WASHINGTON, Aug. 6, 2013 – The EPA announced today, in a final rule, its 2013 percentage standards for four fuel categories that are part of the Renewable Fuel Standard (RFS) program.
The final 2013 overall volumes and standards require 16.55 billion gallons of renewable fuels to be blended into the U.S. fuel supply (a 9.74 percent blend).
The rule reduces the targets of cellulosic biofuels and advanced biofuel based on current production, gives refineries and importers four more months to comply with the 2013 targets, and signals that the EPA will reduce targets in 2014 to address “blend wall” concerns.
The EPA standard specifically requires: biomass-based diesel (1.28 billion gallons; 1.13 percent), advanced biofuels (2.75 billion gallons; 1.62 percent), and cellulosic biofuels (6 million gallons; 0.004 percent). The 6 million mark for cellulosic biofuels was reduced from a proposed 14 million level among concerns there would not be enough of the fuel to meet that level.
The EPA said the standards reflect updated production projections, based on engagement with industry and an assessment of the biofuels market.
During this rulemaking, EPA said it received comments from a number of stakeholders concerning the “E10 blend wall.” Projected to occur in 2014, the “E10 blend wall” refers to the difficulty in incorporating ethanol into the fuel supply at volumes exceeding those achieved by the sale of nearly all gasoline as E10.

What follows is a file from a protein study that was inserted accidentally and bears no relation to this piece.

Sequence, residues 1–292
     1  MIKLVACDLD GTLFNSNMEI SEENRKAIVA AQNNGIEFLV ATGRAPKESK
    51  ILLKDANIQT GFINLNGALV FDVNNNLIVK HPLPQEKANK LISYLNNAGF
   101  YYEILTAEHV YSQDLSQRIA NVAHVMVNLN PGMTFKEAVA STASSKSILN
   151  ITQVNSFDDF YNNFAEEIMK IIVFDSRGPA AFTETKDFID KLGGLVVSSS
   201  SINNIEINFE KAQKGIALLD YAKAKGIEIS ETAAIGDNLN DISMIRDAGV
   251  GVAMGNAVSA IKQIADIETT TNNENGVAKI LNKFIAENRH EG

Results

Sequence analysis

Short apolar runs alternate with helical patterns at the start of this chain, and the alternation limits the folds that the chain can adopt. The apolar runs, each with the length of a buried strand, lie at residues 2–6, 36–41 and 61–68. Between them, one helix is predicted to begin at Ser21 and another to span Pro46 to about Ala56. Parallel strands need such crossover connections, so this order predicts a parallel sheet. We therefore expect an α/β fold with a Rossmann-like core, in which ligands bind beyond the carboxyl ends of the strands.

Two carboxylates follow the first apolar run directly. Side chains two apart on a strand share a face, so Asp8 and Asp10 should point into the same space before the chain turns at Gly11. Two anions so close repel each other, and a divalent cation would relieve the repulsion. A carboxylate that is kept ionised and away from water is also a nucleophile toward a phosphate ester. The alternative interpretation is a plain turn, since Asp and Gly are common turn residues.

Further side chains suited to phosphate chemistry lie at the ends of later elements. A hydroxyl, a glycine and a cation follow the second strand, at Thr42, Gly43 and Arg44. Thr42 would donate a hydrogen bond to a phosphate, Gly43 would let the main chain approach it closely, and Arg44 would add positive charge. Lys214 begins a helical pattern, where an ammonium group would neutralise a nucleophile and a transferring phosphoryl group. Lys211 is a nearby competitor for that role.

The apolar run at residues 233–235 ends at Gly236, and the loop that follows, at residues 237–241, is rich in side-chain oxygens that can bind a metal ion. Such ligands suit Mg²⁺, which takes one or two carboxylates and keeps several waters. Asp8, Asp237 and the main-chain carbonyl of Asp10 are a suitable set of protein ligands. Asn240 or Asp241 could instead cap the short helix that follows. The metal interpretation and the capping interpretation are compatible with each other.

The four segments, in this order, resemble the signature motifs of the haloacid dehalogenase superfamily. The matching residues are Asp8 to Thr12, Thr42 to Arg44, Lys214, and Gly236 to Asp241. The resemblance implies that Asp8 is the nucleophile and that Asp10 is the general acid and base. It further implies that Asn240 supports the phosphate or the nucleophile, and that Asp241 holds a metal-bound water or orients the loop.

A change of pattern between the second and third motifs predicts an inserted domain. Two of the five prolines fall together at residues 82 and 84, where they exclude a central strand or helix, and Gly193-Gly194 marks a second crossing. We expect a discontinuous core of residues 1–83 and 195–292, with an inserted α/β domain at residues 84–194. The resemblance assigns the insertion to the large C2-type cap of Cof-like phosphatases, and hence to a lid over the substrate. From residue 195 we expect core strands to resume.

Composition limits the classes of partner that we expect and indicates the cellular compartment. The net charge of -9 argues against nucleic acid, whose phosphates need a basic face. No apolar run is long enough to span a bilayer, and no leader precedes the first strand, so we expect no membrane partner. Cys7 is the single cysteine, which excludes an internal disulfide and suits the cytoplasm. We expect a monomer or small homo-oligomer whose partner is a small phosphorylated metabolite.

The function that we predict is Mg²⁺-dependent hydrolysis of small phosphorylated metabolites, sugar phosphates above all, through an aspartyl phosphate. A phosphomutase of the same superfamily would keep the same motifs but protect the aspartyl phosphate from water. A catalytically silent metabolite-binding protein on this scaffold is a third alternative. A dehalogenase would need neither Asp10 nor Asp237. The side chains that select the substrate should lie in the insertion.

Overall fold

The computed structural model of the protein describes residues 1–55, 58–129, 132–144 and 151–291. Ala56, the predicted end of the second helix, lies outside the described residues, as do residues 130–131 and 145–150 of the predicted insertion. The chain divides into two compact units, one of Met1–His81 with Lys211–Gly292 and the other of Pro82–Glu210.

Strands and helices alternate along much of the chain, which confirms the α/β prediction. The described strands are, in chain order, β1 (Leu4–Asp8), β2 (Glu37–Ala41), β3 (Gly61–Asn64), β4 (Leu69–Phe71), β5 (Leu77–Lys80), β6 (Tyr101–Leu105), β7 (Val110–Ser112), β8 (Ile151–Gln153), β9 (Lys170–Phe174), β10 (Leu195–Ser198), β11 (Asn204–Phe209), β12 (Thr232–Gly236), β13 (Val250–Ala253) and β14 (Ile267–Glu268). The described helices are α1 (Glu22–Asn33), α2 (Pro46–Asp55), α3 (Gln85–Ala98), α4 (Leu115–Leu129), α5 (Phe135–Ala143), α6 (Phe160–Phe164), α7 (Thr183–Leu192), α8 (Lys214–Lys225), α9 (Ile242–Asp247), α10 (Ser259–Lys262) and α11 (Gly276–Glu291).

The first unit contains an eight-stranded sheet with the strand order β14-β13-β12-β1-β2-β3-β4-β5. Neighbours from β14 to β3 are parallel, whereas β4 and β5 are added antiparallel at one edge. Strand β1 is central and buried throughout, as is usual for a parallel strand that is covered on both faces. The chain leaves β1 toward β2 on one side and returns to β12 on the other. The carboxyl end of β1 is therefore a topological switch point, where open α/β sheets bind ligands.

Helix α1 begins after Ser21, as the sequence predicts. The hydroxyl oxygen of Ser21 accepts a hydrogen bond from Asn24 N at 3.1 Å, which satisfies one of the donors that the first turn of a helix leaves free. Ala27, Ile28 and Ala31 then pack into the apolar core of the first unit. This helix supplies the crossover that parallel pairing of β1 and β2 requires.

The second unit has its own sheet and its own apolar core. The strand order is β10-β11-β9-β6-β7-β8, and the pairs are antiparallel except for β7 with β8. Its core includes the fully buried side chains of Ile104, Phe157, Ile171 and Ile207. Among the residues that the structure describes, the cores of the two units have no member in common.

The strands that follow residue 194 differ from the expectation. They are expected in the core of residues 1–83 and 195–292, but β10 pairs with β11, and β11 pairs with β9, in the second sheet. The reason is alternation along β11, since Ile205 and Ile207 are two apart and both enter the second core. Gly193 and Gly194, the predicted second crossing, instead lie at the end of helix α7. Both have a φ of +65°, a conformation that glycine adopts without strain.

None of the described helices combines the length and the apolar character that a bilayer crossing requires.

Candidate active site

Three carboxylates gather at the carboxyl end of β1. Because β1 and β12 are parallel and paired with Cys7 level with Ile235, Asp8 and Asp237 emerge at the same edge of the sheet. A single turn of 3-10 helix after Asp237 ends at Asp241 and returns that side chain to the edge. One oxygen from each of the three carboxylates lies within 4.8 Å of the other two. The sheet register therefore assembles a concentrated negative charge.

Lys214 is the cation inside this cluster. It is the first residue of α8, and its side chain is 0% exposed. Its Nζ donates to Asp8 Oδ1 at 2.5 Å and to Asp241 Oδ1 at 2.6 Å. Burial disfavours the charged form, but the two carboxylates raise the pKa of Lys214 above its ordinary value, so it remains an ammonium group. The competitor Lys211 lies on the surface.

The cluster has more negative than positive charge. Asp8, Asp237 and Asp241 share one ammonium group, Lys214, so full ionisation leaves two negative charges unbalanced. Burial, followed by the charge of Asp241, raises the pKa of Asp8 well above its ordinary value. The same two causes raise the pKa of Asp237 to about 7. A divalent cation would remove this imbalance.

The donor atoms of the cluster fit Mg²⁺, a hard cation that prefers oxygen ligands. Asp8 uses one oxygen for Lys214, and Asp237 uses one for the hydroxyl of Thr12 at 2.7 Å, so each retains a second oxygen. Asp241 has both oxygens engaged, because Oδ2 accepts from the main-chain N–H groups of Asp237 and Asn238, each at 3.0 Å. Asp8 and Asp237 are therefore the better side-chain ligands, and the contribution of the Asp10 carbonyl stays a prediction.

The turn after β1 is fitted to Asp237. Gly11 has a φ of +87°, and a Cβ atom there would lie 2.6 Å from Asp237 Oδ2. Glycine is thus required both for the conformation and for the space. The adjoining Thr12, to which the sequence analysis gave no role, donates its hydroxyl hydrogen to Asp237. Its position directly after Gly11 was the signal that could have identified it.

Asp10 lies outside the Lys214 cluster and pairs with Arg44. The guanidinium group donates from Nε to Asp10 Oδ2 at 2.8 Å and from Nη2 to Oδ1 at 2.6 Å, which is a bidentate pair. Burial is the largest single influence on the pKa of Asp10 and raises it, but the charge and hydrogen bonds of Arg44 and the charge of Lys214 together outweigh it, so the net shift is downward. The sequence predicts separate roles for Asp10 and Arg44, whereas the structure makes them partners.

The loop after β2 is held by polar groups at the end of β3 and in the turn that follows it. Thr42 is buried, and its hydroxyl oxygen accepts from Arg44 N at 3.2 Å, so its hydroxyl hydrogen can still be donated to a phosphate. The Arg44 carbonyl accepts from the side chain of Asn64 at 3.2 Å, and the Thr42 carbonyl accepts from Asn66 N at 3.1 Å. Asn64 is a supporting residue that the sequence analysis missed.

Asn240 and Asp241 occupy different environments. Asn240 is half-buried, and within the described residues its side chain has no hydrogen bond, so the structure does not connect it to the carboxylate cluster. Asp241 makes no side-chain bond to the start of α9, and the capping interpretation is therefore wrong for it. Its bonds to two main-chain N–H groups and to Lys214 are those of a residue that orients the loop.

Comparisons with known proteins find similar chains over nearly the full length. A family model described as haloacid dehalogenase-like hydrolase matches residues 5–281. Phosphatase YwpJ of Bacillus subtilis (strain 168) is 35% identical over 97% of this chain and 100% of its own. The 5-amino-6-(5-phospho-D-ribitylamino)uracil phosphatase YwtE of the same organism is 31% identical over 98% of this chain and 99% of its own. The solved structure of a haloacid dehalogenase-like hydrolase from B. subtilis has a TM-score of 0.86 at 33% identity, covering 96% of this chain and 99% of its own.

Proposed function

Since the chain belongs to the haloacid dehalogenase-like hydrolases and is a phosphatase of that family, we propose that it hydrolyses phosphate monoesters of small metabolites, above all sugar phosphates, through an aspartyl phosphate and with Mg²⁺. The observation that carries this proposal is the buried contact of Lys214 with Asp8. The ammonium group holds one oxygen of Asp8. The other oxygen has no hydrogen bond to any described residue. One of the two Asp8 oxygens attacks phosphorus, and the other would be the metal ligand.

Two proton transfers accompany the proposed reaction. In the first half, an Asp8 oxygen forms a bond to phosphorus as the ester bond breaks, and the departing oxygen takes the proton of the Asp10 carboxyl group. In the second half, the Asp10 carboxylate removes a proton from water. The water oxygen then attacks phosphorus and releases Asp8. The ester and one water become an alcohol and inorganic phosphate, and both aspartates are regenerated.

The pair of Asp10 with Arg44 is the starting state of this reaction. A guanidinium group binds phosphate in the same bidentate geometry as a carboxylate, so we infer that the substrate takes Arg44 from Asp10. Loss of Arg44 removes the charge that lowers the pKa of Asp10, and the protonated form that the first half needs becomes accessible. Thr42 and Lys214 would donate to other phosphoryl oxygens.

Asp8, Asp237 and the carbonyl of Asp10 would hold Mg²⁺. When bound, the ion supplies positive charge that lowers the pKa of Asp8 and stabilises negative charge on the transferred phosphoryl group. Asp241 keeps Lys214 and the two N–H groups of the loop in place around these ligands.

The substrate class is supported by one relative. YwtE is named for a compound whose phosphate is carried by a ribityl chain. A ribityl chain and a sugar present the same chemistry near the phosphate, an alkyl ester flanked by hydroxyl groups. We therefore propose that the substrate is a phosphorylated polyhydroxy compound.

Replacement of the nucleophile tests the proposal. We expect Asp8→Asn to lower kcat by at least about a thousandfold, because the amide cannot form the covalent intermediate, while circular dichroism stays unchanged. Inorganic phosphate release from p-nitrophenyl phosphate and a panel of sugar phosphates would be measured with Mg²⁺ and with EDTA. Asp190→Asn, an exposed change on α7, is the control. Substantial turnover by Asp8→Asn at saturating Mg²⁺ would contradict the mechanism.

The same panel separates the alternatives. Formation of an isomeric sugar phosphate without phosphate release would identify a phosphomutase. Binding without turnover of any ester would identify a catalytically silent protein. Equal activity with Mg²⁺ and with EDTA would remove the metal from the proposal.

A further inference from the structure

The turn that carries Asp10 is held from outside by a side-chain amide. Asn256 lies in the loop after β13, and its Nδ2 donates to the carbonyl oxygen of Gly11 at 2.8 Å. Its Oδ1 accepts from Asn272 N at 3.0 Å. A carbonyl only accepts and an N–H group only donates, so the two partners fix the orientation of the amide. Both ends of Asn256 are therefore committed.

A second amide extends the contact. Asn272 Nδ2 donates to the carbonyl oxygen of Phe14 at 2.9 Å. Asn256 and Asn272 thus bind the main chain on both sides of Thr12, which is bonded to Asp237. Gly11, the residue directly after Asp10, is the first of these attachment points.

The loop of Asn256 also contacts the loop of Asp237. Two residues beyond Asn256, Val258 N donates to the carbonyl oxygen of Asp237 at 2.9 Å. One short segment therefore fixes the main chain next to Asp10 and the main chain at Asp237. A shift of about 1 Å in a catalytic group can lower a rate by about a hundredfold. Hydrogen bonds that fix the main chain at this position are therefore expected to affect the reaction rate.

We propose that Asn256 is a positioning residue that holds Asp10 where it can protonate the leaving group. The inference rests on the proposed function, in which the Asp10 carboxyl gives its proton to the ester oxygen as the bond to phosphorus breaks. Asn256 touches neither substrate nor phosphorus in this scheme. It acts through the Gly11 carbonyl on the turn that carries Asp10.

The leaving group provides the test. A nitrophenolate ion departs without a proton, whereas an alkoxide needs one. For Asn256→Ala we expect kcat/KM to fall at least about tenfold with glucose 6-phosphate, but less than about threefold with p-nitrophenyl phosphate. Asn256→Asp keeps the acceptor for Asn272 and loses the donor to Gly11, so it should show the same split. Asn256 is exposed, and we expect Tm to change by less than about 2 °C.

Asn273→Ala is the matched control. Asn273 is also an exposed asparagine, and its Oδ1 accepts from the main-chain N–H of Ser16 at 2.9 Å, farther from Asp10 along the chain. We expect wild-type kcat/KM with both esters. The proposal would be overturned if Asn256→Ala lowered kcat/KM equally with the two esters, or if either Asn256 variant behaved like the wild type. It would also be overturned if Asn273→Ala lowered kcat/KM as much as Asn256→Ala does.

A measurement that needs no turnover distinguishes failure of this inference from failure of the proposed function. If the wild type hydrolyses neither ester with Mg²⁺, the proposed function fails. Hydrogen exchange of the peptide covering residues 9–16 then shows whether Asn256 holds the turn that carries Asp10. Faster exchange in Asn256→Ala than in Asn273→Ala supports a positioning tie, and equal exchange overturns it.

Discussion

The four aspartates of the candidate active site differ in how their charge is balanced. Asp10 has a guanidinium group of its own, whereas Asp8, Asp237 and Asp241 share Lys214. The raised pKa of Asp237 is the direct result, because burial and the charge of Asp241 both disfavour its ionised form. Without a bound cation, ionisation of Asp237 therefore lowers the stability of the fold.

Most gasoline sold in the United States is E10. In its final rule, which came about eight months after a congressional deadline, EPA said it will propose to use flexibilities in the RFS statute to reduce both the advanced biofuel and total renewable volumes in the forthcoming 2014 RFS volume requirement proposal.
EPA also said it is providing greater lead time and flexibility in complying with the 2013 volume requirements by extending the deadline to comply with the 2013 standards by four months, to June 30, 2014.
A January 2013 ruling by a U.S. appeals court required the agency to reevaluate projections for cellulosic biofuel to reflect market conditions.
Sen. Tom Carper, D-Del., chairman of the Senate Subcommittee on Clean Air and Nuclear Safety, said he is hopeful the new rule would help settle the Renewable Identification Number markets.
“I have long supported the goals of Renewable Fuel Standard – incentivizing environmentally-friendly options that move our country away from foreign fossil fuels, while safeguarding our energy security,” Carper said. “I also strongly believe that as we make investments in renewable fuels to lower our dependency on foreign oil, we must ensure that we don’t have an adverse impact on the environment or our economy.”
Tom Buis, chief executive officer of Growth Energy, said his organization was pleased that EPA “has continued to show its strong commitment to the RFS.”
“We look forward to closely reviewing the final rule and we strongly support increasing levels of renewable fuel into our nation’s fuel supply,” Buis said. “The RFS continues to be a resounding success, helping create jobs in America that cannot be outsourced, revitalizing rural economies across the country in addition to reducing our dependence on foreign oil and improving our environment, all while providing consumers with a choice and savings at the pump.”